Escudero Rodriguez, Dr J
University of Edinburgh
TNT: Tracking Network dynamics with Tensor factorisations. Application to the human Chronnectome in Alzheimer's disease
Alzheimer’s disease is a major problem to UK society. Because of the ageing population, the number of people with dementia will increase dramatically in the next years: from about 850,000 today to 1,000,000 by 2025. The current annual cost of dementia to the UK is £26 billion even not everybody with dementia receives a diagnosis. Alzheimer’s disease is the most common cause of dementia and it is particularly difficult to diagnose because there are no objective biomarkers for it and the diagnosis relies on the medical history of the patient. We need better ways to detect and monitor the changes that Alzheimer’s disease causes in the brain. To achieve this, we will consider the electroencephalogram (EEG), an affordable piece of equipment that can be used outside hospitals to measure brain activity safely at several locations over the scalp (called “channels”). We will create new signal processing tools to analyse EEG brain networks. Doing so will lead to objective ways to monitor Alzheimer’s disease.
Namely, this interdisciplinary project will develop a novel set of processing techniques based on tensor factorisations to inspect how the components of brain activity networks change with time. We will then implement methods to compare the temporal profiles of the components estimated for different groups of people (e.g., healthy people versus patients).
Our project is motivated by the facts that: 1) the EEG can measure fast changes in brain activity, 2) Alzheimer’s disease damages brain connections, and 3) preliminary results indicate that Alzheimer’s disease affects the temporal behaviour of brain activity.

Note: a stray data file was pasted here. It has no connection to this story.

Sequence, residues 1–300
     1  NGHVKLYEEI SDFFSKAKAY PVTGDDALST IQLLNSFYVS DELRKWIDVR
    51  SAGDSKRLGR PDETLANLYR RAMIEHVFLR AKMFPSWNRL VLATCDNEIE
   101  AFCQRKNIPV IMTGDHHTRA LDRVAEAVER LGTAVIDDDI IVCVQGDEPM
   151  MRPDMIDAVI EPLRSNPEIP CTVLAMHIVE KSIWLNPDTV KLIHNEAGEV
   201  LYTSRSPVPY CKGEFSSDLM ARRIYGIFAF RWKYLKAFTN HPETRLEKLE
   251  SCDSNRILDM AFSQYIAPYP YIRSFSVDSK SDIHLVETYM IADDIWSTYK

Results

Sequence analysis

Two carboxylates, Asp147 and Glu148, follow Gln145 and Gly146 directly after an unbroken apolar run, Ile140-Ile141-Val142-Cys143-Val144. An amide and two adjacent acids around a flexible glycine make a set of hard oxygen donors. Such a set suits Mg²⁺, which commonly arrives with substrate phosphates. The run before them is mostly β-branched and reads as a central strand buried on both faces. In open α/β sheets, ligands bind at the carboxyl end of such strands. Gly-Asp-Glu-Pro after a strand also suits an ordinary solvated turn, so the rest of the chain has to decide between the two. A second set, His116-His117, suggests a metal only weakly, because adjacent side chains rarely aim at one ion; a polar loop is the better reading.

Indeed, there is an increasing interest in understanding brain activity networks and their evolution with time, as this would open up radically new ways to monitor brain diseases. Promising pilot results have reported in, e.g., Parkinson’s and multiple sclerosis but, currently, there are no appropriate ways to inspect how the networks change with time systematially. Instead, we will develop a framework based on tensor factorisations (a set of algebraic and computational techniques to analyse tensors: n-mode data arrays with n>=3) to inspect the components of networks directly from the data without the need for manual intervention. We will then apply it to EEG signals. First, for each person, we will assess the coupling between channels of the EEG as a function of time and frequency. These results naturally fit into a multi-modal representation: a “connectivity tensor”. Then, we will decompose the “connectivity tensor” into its underlying components. We will implement constraints to bring previous information into the decompositions, including novel ways to measure the natural organisation of the network components. Finally, we will assess the robustness of the extracted network components and we will inspect how Alzheimer’s disease changes them.
We will apply our methods to two different sets of EEG signals measured from patients with Alzheimer’s disease, people with mild cognitive impairment (a condition that sometimes precedes Alzheimer’s disease), and healthy volunteers. One of the EEG datasets measured the activity of the brain at rest using a small number of channels, whereas the other has been recorded during a short-term memory task that has shown promise in the detection of early Alzheimer’s disease with a larger number of EEG channels. Hence, we believe that revealing how the EEG network changes with time during this task could lead to a non-invasive, affordable and portable tool to monitor Alzheimer’s disease. Nonetheless, this project will have much wider implications because it will benefit the signal processing, tensor factorisation and network analysis communities and the techniques will be readily applicable to other types of data, both inside and outside clinical settings.